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Where to Buy Solar Eclipse Glasses? All About the Specialized Glasses Recommended by NASA

The April 2024 total solar eclipse will be the last one visible from the contiguous United States until 2044. Here's how to prepare for it

<p>George Frey/Getty</p> Solar eclipse glasses.

George Frey/Getty

Solar eclipse glasses.

It's time to add another pair of sunglasses to your collection!

However, this particular pair isn't for fashion purposes — rather, it's for protection when viewing the upcoming total solar eclipse that's expected to take place in April 2024.

Think back to the last time a total solar eclipse was visible from the United States in April 2017, when NASA advised onlookers to watch the astronomical phenomenon with specialized eye protection. This year is no different!

The space agency recommends protective eye gear for those hoping to catch a glimpse of this highly-anticipated event, particularly for the phases before and after totality (which is when the moon completely blocks the sun's bright face).

Related: Here's What Leap Day Could Mean for You, According to Your Zodiac Sign

Even without an astronomical event that causes people to gaze directly at the sun, doctors advise people wear a good pair of shades in bright weather; that's because, as NASA warns, viewing "any part" of the sun "without a special-purpose solar filter secured over the front of the optics" will "instantly cause severe eye injury."

It's important to note, however, that the protective eyewear the agency suggests using to watch the solar eclipse is not the same as regular sunglasses. Plus, they shouldn't be used when viewing through cameras, binoculars or telescopes.

Read on for what you need to know about the NASA-recommended glasses to watch the 2024 solar eclipse, including when and where to buy them.

What is a solar eclipse?

<p>STR/AFP via Getty</p> Solar eclipse viewed from China in January 2010.

STR/AFP via Getty

Solar eclipse viewed from China in January 2010.

A solar eclipse happens when the moon passes between the sun and the Earth, according to NASA. The moon enters different phases during an eclipse.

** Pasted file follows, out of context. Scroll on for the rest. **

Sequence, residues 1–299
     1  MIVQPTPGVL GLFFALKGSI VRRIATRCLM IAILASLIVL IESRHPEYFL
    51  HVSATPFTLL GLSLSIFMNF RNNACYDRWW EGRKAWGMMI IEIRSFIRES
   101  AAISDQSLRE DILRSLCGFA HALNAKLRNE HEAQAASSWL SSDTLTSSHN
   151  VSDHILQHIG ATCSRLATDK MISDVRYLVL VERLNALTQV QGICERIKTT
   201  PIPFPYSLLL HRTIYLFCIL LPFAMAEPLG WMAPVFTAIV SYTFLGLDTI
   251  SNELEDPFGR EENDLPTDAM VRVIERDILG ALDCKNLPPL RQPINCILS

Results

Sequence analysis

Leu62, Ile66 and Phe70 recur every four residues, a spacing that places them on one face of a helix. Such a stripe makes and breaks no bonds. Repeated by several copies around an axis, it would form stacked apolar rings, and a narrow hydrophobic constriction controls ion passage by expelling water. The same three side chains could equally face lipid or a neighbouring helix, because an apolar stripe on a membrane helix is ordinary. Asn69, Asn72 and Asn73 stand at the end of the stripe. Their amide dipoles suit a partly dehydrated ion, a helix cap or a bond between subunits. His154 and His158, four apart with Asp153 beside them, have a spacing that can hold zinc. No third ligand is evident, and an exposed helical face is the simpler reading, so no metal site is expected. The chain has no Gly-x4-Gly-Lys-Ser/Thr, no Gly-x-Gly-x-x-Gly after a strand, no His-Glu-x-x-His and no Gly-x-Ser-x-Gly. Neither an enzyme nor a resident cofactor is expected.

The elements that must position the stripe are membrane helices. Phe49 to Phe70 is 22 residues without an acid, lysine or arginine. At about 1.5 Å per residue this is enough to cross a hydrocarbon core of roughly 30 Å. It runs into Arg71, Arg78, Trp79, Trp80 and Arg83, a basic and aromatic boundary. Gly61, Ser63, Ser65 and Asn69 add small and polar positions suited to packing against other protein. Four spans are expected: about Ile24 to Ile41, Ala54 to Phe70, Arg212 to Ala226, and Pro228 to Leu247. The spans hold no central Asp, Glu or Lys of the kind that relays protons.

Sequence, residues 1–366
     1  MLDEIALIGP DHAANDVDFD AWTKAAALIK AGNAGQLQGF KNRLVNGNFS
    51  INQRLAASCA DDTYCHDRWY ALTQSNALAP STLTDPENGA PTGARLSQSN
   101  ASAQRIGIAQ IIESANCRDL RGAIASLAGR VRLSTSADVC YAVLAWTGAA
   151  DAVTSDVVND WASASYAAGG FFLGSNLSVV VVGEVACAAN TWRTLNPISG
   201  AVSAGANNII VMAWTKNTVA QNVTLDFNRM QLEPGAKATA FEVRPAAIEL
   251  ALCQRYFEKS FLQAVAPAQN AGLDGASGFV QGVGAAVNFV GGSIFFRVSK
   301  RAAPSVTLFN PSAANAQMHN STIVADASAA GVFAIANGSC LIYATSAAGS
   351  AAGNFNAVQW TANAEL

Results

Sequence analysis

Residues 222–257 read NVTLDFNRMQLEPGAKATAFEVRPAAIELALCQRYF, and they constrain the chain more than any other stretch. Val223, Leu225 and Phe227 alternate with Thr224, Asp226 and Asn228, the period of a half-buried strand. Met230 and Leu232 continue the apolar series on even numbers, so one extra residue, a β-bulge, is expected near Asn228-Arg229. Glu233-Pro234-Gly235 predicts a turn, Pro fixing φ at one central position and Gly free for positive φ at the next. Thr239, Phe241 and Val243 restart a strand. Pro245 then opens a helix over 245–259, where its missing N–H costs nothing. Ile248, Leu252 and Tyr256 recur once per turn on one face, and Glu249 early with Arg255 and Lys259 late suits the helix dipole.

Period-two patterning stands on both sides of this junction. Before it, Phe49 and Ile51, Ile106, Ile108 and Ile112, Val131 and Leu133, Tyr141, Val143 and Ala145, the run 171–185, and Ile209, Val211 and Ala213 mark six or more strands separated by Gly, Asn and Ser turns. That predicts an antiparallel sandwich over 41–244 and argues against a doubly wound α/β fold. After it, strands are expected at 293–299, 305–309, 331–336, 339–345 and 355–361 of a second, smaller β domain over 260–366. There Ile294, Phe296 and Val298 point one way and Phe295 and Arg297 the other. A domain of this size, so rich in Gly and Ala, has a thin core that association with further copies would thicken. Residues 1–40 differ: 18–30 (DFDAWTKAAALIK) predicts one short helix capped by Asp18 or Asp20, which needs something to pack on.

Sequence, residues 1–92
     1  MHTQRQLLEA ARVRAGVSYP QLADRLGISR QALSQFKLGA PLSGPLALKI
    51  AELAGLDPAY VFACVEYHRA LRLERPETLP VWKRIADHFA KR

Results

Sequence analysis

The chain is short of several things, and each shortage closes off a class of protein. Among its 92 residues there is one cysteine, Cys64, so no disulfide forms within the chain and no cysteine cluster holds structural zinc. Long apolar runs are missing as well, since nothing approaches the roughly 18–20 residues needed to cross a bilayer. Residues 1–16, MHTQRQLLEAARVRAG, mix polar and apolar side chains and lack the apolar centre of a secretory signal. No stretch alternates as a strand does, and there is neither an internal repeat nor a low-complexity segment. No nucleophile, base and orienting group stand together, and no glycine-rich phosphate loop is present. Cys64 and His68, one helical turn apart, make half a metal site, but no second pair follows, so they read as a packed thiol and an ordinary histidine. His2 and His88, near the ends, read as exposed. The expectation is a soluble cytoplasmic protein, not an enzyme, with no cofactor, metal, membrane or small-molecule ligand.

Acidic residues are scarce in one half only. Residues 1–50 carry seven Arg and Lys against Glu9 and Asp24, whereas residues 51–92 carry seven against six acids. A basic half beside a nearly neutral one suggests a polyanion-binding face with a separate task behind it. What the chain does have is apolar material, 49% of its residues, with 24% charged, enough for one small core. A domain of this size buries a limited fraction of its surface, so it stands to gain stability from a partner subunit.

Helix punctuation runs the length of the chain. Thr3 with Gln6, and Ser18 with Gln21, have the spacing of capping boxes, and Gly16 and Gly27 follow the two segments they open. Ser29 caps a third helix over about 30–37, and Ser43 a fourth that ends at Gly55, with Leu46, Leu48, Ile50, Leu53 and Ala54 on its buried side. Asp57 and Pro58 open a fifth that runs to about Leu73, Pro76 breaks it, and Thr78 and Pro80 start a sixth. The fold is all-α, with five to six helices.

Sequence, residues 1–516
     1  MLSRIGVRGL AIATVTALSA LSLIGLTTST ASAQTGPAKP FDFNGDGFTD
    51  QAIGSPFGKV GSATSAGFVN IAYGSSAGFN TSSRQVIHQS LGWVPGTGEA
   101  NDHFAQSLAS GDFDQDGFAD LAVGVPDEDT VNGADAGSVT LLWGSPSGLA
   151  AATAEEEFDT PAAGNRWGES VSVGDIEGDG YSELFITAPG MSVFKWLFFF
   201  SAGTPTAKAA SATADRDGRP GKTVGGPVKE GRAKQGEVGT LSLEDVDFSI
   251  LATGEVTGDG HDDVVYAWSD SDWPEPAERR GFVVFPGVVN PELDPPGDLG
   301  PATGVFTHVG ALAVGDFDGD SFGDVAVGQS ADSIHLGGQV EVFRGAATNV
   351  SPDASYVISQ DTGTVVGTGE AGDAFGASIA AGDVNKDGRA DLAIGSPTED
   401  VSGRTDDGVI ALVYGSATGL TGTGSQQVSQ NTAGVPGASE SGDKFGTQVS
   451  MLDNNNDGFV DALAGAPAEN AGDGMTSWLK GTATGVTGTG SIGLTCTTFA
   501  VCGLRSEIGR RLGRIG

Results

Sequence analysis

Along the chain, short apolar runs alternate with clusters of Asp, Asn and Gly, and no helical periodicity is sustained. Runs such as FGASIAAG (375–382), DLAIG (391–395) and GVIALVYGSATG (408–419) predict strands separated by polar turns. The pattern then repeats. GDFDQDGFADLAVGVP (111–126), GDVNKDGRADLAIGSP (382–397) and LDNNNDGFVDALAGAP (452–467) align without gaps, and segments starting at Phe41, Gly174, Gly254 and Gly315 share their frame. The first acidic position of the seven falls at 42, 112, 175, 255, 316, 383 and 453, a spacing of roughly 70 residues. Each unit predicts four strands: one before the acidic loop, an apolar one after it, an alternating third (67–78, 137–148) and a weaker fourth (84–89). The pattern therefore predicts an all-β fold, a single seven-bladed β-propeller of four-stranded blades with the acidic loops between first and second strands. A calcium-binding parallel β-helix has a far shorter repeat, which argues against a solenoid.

At just the right moment, a total solar eclipse occurs when the moon passes over the sun and blocks out its bright light completely. Other times a partial solar eclipse takes place, when the moon only covers part of the sun's glow.

A total solar eclipse is quite a spectacle to experience if the astronomical phenomenon is visible from your location on Earth. The April 2024 solar eclipse, which will be visible in the U.S., is expected to take place midday, causing daytime darkness for a few minutes as a result.

"If you want to experience total darkness during an eclipse, you have to be in the path of totality," reports NASA. "If you don’t know what’s happening, it can be confusing. Animals can get confused too!"

Related: All About October's Solar Eclipse and What It Means For Your Zodiac

When is the solar eclipse in 2024?

The upcoming solar eclipse is Monday, April 8, 2024. Exact timing depends on where viewers are located in North America, where the phenomenon will pass after it begins over the South Pacific ocean.

"Weather permitting, the first location in continental North America that will experience totality is Mexico’s Pacific coast at around 11:07 a.m. PDT," per NASA. Next, it will enter the U.S. in Texas.

Then, it travels through Oklahoma, Arkansas, Missouri, Illinois, Kentucky, Indiana, Ohio, Pennsylvania, New York, Vermont, New Hampshire and Maine, as well as small parts of Michigan and Tennessee. (Those interested in experiencing the complete solar eclipse should look up exactly where in their state is within the path of totality; many well-situated towns are hosting events to celebrate!)

After it makes its way over the U.S., the eclipse will enter Canada. It will exit continental North America on the Atlantic coast of Newfoundland, Canada, at 5:16 p.m. NDT.